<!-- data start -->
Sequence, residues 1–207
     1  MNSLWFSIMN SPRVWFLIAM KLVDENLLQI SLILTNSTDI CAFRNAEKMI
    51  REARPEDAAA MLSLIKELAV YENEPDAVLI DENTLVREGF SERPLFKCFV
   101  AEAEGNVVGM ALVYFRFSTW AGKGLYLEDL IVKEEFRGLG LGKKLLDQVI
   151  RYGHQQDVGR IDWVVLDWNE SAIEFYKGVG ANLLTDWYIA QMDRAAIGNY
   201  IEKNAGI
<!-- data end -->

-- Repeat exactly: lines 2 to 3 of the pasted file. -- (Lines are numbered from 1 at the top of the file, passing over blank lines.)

     1  MNSLWFSIMN SPRVWFLIAM KLVDENLLQI SLILTNSTDI CAFRNAEKMI
    51  REARPEDAAA MLSLIKELAV YENEPDAVLI DENTLVREGF SERPLFKCFV